Desktop Printer 3D Printable Chair With Cushion – Chair Design Series, Part 6, Iteration 1

The first iteration of an entire chair is complete! Chair dimensions are 16″ L x 13″ D x 36″ H. All chair parts were printed on desktop printers CR10 mini and MK3s+; bed sizes – 12″ x 9″ and 11″ x 8″. The filaments used to print the chair were 3dPrintlife Pro PLA, PLA/PHA, and Dura Nylon. What follows are photos and a few notes.

The legs are connected with inner and outer plugs. One of the lower portions printed smaller in the x/y direction. I didn’t notice until I tried to unite it with a top. I went into assembly-line-mode and did not check if parts lined up after printing. I won’t do that again.

The center is connected to the legs with printed M9 bolts.

The front and back portions were without issue. The side sections were the opposite. I neglected to round the front corners, which I decided to leave for the next iteration. Somehow mirroring the part did not work out well, so I attached a left section on the right side, causing a gap. I need to replace this part to make a good assessment of how the chair performs.

Cotton batting was added for increased comfort.

I ordered what I thought was the same green from 3d Printlife. It was surprising to see this green, so I called to ask what happened. Co-Founder, Buzz Baldwin subsequently sent me the following statement: “The main reason for the color difference between ProPLA and DURA is the filament formulation. ProPLA is over 90% PLA while DURA is a good deal LESS than 50% PLA blended with another bioplastic that delivers DURA’s strength and pliability.”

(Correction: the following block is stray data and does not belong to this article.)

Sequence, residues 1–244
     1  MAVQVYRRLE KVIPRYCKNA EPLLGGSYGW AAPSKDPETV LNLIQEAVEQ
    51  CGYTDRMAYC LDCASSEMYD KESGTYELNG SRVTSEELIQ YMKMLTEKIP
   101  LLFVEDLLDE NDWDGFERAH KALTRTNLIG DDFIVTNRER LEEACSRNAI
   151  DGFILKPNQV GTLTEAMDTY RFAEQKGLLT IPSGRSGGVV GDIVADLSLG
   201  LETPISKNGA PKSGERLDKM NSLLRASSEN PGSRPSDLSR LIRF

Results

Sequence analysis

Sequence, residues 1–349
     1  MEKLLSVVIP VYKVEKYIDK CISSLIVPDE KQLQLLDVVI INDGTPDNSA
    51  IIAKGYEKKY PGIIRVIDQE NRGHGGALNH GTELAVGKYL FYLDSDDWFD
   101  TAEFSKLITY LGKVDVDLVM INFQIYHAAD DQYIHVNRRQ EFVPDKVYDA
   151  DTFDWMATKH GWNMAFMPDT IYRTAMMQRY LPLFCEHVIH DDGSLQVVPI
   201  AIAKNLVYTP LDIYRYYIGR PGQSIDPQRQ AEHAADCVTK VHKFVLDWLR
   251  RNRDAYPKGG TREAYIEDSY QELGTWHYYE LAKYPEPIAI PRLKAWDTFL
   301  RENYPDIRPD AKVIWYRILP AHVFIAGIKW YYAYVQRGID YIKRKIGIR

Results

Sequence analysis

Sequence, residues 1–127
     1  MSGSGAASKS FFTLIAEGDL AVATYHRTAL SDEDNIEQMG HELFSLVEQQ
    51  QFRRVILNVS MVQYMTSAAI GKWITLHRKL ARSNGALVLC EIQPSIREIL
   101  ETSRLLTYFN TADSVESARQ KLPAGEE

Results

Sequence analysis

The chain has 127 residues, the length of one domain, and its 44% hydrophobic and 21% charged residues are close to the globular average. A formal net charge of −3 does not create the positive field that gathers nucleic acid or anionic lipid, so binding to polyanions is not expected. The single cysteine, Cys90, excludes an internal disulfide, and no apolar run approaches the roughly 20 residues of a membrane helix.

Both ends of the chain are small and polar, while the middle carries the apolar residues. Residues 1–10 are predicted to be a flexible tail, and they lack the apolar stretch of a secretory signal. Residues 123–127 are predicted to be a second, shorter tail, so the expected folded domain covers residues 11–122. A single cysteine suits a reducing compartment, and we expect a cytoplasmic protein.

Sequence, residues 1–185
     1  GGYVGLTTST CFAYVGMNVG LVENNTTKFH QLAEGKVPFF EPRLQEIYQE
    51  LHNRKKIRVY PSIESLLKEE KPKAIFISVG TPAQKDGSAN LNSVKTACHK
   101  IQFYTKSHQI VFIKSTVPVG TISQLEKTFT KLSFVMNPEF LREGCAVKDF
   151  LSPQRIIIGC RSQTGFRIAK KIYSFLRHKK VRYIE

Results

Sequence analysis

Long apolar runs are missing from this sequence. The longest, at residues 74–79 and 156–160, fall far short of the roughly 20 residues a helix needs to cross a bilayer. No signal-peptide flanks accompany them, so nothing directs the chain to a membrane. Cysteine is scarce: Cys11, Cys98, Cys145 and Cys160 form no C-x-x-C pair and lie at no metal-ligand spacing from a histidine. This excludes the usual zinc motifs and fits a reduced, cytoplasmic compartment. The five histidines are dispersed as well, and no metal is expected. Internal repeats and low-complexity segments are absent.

I told Buzz that I preferred this color and wish it had been an option for the other filaments.

I ran into difficulty trying to attach the chair back, so I did not take any other photographs until I was done. Bolts were breaking and plugs weren’t fitting. I used metal bolts for the finish photograph, to be replaced by printed bolts later. The bolts were not printed at 100% infill, but future bolts will be.

After I loosely hand-sewed the corners of the chair together, I realized that trussing the ends under the seat may be the best thing to do. When I sat in the chair, the back legs pushed backwards. The legs pushed backwards upon application of a small force as well, something I discovered when I pushed the back portion of the seat down slightly with my hands. After I have replaced the bolts and right seat side, I will spend some time sitting in the chair before attempting the next iteration.

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